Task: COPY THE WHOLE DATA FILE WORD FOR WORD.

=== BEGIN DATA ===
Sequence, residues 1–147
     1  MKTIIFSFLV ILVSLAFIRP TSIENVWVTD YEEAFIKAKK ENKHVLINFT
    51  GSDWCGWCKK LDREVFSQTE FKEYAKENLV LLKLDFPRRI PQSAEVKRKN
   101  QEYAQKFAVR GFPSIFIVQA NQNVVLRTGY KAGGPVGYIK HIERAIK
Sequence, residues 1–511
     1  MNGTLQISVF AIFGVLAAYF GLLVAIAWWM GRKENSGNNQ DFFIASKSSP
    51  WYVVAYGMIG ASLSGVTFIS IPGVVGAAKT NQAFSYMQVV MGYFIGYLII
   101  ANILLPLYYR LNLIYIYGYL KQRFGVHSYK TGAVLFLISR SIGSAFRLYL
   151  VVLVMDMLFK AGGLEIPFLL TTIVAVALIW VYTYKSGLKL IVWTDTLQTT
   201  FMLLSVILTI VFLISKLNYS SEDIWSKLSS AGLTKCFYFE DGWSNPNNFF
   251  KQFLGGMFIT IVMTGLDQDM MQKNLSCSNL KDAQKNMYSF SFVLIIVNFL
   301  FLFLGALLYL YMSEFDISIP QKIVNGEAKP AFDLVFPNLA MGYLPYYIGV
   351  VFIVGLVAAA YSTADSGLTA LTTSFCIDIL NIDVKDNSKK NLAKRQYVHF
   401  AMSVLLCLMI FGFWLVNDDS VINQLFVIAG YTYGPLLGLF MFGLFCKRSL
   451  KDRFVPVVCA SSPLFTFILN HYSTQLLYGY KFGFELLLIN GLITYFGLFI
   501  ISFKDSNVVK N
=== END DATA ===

Sequence, residues 1–147
     1  MKTIIFSFLV ILVSLAFIRP TSIENVWVTD YEEAFIKAKK ENKHVLINFT
    51  GSDWCGWCKK LDREVFSQTE FKEYAKENLV LLKLDFPRRI PQSAEVKRKN
   101  QEYAQKFAVR GFPSIFIVQA NQNVVLRTGY KAGGPVGYIK HIERAIK
Sequence, residues 1–511
     1  MNGTLQISVF AIFGVLAAYF GLLVAIAWWM GRKENSGNNQ DFFIASKSSP
    51  WYVVAYGMIG ASLSGVTFIS IPGVVGAAKT NQAFSYMQVV MGYFIGYLII
   101  ANILLPLYYR LNLIYIYGYL KQRFGVHSYK TGAVLFLISR SIGSAFRLYL
   151  VVLVMDMLFK AGGLEIPFLL TTIVAVALIW VYTYKSGLKL IVWTDTLQTT
   201  FMLLSVILTI VFLISKLNYS SEDIWSKLSS AGLTKCFYFE DGWSNPNNFF
   251  KQFLGGMFIT IVMTGLDQDM MQKNLSCSNL KDAQKNMYSF SFVLIIVNFL
   301  FLFLGALLYL YMSEFDISIP QKIVNGEAKP AFDLVFPNLA MGYLPYYIGV
   351  VFIVGLVAAA YSTADSGLTA LTTSFCIDIL NIDVKDNSKK NLAKRQYVHF
   401  AMSVLLCLMI FGFWLVNDDS VINQLFVIAG YTYGPLLGLF MFGLFCKRSL
   451  KDRFVPVVCA SSPLFTFILN HYSTQLLYGY KFGFELLLIN GLITYFGLFI
   501  ISFKDSNVVK N